Mineralized plaque is removed from the surfaces of your teeth using an ultrasonic instrument or a special hand instrument kit. Sandblasting (air flow) is used to remove pigments which cause discolouration. Aged plaque is cleaned using rotating rubber tips or brushed and a special lightly abrasive toothpaste with fluoride.
An ultrasonic instrument uses high-power air waves emitted from the instrument. The vibration chips the calculus from the tooth surface without damaging the tooth. The procedure is not painful, though teeth can be sensitive. On patient’s request, local anaesthesia can be administered. Fluoride applications help relieve post-treatment sensitivity.
Sandblasting is a controlled stream of air, water and soda, blown through a mixing handpiece. The stream effectively removes pigments. The procedure is completely non-painful.
Once your teeth are clean, your dentist may decide to carry out further cleaning of the pockets of the gums. The purpose of this procedure is to make sure that the deep-dwelling bacteria and inflamed tissues are removed. Local anaesthesia is usually performed before starting treatment.
If done right, the only complication may be tenderness of the teeth and slight bleeding during the procedure.
The frequency of professional oral hygiene depends of the quality of patient’s oral hygiene, the rate of the accumulation of calculus and the conditions for plaque accumulation. With these factors in mind, professional oral hygiene is recommended 1-4 times per year.
Periodontal disease may develop; this generally happens over time.
Periodontal disease is the swelling, pain and infection of the tissues surrounding the tooth.
There are two general forms of gum disease: gingivitis and periodontitis.
Gingivitis is the inflammation of gums. Gums usually turn bright red and swollen. One of the signs of gingivitis is bleeding gums when brushing teeth.
Over time, gingivitis progresses to periodontitis. There are various forms of periodontitis, but in every case the structures supporting the tooth are damaged. If periodontitis is left untreated, the bone surrounding the tooth starts shrinking and the tooth becomes mobile. When much of the bone is lost, the teeth may eventually fall out.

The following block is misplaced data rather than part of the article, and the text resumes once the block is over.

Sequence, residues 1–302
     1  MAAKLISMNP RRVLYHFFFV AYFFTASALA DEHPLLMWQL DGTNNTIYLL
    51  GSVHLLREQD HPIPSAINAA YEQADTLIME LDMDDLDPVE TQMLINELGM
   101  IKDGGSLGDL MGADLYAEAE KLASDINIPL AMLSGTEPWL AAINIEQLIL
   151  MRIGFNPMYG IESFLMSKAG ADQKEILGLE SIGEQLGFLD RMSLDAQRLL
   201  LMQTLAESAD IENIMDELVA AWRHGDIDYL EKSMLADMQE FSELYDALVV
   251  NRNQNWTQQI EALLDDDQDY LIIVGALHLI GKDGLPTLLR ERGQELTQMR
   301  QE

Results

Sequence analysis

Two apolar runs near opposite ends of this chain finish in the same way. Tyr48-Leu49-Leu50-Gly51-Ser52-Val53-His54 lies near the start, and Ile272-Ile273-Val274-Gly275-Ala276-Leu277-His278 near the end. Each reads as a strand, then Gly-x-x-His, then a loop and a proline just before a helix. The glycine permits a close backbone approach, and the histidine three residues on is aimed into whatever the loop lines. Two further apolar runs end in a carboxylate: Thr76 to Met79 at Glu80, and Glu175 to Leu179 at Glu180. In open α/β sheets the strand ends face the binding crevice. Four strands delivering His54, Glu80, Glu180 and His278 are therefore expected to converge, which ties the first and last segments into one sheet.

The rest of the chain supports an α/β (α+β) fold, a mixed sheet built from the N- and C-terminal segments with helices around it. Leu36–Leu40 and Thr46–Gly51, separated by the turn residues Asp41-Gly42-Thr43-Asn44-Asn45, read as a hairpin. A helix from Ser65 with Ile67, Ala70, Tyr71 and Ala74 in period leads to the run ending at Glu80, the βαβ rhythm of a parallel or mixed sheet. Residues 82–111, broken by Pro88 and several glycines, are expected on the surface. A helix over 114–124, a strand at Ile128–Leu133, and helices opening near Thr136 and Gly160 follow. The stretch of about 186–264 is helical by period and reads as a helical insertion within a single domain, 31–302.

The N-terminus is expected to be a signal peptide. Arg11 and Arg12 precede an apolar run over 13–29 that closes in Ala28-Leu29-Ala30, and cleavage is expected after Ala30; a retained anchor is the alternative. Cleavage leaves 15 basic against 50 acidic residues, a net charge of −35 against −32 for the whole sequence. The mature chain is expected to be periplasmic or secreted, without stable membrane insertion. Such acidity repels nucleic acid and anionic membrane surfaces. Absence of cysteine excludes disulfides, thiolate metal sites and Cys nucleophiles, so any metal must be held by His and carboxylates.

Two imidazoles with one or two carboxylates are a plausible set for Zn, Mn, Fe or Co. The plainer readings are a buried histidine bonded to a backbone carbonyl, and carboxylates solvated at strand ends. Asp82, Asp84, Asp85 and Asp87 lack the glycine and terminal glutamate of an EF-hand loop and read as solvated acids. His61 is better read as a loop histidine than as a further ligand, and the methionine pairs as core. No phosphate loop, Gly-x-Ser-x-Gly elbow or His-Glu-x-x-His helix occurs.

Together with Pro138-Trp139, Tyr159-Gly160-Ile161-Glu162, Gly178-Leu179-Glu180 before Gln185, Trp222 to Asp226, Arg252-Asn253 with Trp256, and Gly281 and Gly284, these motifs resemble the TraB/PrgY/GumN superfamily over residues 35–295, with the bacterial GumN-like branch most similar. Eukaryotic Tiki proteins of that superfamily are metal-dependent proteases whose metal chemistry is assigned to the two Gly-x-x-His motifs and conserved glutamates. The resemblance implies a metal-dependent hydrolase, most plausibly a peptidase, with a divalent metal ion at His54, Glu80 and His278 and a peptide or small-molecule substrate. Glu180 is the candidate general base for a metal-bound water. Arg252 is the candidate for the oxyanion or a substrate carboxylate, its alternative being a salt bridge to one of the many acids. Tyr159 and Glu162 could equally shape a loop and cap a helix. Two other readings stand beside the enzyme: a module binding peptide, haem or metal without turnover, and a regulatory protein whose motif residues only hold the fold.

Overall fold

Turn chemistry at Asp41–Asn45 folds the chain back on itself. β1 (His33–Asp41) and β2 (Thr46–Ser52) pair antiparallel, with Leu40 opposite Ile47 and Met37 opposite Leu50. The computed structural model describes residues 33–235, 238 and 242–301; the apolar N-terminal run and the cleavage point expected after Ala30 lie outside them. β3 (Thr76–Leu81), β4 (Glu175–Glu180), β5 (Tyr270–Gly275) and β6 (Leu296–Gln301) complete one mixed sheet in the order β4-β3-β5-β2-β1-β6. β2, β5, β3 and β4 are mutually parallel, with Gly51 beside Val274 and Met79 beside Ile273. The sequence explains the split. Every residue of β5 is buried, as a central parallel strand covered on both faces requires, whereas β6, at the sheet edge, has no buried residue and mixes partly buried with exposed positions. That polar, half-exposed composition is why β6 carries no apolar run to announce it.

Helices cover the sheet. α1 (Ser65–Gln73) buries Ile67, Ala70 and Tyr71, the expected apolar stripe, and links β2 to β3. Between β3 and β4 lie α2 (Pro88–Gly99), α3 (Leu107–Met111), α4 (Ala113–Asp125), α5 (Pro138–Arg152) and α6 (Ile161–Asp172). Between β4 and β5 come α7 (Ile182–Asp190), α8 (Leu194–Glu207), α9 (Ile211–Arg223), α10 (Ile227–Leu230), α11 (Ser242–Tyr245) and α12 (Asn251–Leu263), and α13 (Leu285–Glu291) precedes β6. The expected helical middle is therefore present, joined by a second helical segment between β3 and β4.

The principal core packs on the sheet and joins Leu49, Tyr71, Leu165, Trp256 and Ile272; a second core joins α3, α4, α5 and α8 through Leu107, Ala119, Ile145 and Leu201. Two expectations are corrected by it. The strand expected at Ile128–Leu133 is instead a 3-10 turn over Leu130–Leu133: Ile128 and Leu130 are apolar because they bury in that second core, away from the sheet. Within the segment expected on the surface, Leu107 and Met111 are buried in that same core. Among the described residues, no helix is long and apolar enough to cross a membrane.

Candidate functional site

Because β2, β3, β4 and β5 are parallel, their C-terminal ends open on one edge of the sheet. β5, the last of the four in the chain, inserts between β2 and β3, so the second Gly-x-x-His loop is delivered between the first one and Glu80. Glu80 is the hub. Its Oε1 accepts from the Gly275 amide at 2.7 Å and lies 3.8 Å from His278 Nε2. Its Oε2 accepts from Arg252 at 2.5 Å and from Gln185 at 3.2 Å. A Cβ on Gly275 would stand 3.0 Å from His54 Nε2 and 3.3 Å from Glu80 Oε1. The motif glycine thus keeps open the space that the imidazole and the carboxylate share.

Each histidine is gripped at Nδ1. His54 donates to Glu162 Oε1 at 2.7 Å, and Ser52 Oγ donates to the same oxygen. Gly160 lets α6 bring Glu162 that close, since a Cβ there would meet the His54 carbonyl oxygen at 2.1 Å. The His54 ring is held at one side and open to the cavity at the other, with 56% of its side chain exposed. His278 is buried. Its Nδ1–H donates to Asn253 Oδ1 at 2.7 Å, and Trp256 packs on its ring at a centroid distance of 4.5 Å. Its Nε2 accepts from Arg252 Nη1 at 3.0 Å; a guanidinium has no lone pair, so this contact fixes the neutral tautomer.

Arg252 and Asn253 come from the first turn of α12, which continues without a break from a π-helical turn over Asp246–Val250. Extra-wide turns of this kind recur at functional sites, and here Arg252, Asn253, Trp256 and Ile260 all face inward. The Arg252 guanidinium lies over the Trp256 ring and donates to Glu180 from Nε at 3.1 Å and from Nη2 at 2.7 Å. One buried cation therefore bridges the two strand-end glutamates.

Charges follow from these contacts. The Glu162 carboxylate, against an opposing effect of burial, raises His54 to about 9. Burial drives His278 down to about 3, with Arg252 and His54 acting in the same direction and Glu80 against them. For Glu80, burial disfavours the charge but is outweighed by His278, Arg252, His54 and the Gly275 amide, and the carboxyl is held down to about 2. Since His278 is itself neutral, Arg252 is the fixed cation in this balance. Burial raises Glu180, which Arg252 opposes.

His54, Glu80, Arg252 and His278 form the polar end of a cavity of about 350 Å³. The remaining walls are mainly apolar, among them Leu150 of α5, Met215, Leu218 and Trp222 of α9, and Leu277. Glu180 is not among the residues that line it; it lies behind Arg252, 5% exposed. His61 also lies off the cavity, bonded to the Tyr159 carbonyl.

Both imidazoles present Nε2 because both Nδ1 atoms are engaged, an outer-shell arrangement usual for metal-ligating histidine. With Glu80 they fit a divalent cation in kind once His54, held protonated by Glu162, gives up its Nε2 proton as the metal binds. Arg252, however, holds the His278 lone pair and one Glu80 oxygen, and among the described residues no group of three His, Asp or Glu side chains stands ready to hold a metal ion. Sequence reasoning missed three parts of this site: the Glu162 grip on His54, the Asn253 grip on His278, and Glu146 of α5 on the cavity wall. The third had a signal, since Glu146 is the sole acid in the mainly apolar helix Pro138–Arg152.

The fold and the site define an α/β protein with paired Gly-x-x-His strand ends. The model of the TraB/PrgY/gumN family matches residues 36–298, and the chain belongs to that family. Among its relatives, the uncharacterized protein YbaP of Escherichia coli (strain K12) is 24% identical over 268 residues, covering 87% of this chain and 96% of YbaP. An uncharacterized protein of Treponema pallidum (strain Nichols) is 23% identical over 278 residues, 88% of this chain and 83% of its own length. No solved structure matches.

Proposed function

Probably. A lot of people suffer from periodontal diseases; it is the most common cause for tooth loss. Usually the disease develops very gradually.
The main cause of periodontal disease is plaque and calculus. Plaque is a layer of bacteria, constantly forming on tooth surfaces. In order to prevent damage, removing plaque daily is essential. Usually brushing using toothpaste and flossing is sufficient. If not removed, eventually soft plaque mineralizes and turns into calculus. Calculus is as harmful to periodontium as plaque. They are removed by a dental hygienist or a dentist during professional oral hygiene.
Unfortunately, gum disease progresses painlessly so that patients do not notice the changes. The bacteria are sometimes more active and this makes your gums sore and tender. This can lead to gum abscesses, and pus may seep from around the teeth. Over a number of years, the bone supporting the teeth can be lost completely. The later the disease is treated, the harder it is to get good treatment results.
The first sign is bleeding gums when brushing teeth. Your gums may also bleed when you are eating, leaving a bad taste in your mouth. Gum diseases are also often accompanied by bad breath.
The first thing to do is visit your dentist. The dentist will measure the gingival pockets around your teeth. Usually X-rays are taken to determine, whether the bone surrounding the teeth has been involved. This assessment is very important prescribing the treatment.
Your dentist or an dental hygienist will perform professional oral hygiene. During every visit you should be taught how to take care of your teeth and gums. Several visits may be needed.
As long as you take care of your teeth, any further loss of bone will be very slow and it may stop altogether. You must make sure to brush teeth thoroughly, and go for regular check ups by the dentist and hygienist.
Friend of your teeth, Amicus Dentis